UN Special Representative affirms persistence of rights abuses in Iran

In a report to the fifty-third session of the United Nations Commission on Human Rights, currently underway in Geneva, Professor Maurice Danby Copithorne, the Commission's Special Representative on Iran, stated his concern over the doubling of executions in 1996 relative to 1995, the lack of progress with respect to the right to life, the application of torture to extract confessions from the prisoners and the continued use of "stoning and amputations" by the clerical regime.

Referring to the incarceration of prisoners of conscience, the lack of respect for the freedom of expression, censorship and the closure of "newspapers, magazines," "disciplinary actions against .... their editors and publishers," and the application of "tighter controls over the media," the Special Representative reiterated that "extraterritorial violence against Iranians continues" and that "in some of the resulting legal proceedings in foreign courts, a strong connection to" the regime is being asserted.

Professor Copithorne also stated his concern over the suppression of religious minorities, inequality in the status of women with that of men in very many ways, retrogression in the area of "improper veiling" by "Al-Zahra teams," the crackdown on dissidents "under the charges of common criminal conduct or of disloyalty to Islam," "the toughening of criminal sanctions" and the free rein given to gangs of thugs and hooligans commissioned by the regime such as "the Ansar-e Hizbullah resorting to violence and threats of violence upon private individuals as a means of coercion."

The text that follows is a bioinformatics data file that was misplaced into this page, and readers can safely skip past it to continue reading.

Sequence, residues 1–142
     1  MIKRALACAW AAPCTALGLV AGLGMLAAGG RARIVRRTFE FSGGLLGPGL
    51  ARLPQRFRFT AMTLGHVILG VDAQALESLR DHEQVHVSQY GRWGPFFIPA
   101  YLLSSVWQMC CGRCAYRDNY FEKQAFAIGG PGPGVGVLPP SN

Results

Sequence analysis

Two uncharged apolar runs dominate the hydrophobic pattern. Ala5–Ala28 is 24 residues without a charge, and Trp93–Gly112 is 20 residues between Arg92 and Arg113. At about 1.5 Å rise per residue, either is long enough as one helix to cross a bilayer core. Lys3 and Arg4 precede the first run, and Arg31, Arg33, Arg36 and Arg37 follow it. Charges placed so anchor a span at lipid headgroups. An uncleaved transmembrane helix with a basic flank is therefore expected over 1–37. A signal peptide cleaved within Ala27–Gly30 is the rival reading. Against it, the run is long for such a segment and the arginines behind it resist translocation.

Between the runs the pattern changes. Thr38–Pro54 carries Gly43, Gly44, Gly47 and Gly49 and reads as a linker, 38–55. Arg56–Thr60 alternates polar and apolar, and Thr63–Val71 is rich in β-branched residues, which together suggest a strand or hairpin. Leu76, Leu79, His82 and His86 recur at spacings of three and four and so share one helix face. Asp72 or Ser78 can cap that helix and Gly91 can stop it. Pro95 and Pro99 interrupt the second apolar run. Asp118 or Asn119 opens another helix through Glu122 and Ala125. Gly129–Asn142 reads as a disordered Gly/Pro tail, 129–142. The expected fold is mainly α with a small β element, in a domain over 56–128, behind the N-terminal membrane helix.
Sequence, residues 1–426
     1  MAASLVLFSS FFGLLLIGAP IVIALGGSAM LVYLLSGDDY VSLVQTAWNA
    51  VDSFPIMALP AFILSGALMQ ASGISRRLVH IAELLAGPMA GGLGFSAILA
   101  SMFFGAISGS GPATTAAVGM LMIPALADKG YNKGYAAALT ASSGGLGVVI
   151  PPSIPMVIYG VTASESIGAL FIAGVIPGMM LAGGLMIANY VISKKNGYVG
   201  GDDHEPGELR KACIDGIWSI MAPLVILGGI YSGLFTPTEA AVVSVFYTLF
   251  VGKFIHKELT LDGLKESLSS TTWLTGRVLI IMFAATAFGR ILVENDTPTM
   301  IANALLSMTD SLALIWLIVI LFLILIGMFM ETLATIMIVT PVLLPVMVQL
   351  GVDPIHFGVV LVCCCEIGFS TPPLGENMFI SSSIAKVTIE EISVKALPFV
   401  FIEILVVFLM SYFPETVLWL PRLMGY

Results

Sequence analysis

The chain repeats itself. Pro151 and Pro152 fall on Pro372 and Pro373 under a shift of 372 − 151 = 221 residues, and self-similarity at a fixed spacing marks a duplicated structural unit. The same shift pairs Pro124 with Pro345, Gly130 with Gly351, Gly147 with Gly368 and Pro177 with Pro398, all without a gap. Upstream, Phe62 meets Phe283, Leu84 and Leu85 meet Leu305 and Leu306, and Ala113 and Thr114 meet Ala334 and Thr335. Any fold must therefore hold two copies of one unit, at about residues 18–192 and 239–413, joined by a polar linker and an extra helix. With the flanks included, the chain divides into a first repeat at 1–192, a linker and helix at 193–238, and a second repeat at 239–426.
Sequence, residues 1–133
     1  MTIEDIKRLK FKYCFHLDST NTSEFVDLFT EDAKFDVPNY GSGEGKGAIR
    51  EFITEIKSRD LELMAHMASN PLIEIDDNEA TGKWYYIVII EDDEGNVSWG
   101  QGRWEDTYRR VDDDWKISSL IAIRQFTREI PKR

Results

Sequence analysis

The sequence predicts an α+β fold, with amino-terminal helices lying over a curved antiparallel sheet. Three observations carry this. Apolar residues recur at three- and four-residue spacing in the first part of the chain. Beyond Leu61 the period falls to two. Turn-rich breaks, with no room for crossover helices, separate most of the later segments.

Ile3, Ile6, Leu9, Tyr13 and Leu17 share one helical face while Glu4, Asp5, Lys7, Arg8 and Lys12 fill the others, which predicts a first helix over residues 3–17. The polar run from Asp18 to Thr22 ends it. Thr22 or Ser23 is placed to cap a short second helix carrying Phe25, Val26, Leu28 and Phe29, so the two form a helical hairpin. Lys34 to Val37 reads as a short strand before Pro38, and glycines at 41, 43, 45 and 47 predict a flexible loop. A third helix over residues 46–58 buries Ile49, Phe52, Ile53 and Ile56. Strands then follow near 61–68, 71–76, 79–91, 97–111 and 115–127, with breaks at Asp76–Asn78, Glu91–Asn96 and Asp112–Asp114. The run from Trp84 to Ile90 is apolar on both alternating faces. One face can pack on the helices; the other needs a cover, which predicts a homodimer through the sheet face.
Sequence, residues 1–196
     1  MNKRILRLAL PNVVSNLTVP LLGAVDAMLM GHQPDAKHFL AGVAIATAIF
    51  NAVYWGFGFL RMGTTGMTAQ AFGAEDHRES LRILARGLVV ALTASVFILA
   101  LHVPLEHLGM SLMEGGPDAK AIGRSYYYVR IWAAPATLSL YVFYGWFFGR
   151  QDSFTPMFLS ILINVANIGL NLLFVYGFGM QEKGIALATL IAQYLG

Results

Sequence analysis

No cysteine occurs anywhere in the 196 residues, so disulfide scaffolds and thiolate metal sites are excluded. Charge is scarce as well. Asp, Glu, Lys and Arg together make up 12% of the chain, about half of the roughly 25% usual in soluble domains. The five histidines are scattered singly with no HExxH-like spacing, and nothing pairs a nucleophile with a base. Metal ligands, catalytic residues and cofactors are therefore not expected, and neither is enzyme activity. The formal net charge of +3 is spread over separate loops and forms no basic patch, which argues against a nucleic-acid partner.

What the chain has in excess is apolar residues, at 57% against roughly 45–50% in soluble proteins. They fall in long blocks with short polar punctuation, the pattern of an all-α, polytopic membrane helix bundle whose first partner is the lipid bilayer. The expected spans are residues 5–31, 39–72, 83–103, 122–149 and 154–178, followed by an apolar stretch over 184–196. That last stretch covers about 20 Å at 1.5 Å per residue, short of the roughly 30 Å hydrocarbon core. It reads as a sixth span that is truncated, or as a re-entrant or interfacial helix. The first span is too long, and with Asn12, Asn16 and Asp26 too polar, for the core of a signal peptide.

Mr. Massoud Rajavi, President of the National Council of Resistance of Iran, said: The report lays bare a glimpse of the atrocities perpetrated by Khomeini's anti-human regime. It is a testament to the inability and the desire to reform by the mullahs' religious, terrorist dictatorship and reaffirms the need to expel it from the international community. He added, however, that the report was out of proportion to the severity of the regime's crimes, namely the fundamental cases of the violations of the rudimentary rights of the Iranian people, especially the blatant abuse of women's rights and the several-fold increase in arrests, executions and extraterritorial killings of dissidents. This is particularly the case, Mr. Rajavi noted, because 1996 was one of the worst years of the mullahs' rule as far as human rights abuses and terrorism were concerned.

Last year, at least 32 political opponents were assassinated abroad (four times the number in 1995). The regime's media reported 150 executions in 1996 published in the same year (three times the figure in the past year). The Iranian Resistance's representatives provided a list of names and particulars of all the victims and many other documents on the mullahs' flagrant rights abuses to the Special Representative. In 1996, the German Prosecutor General's office announced that the order to murder four Iranian dissidents in Berlin had been issued by Khamenei and Rafsanjani.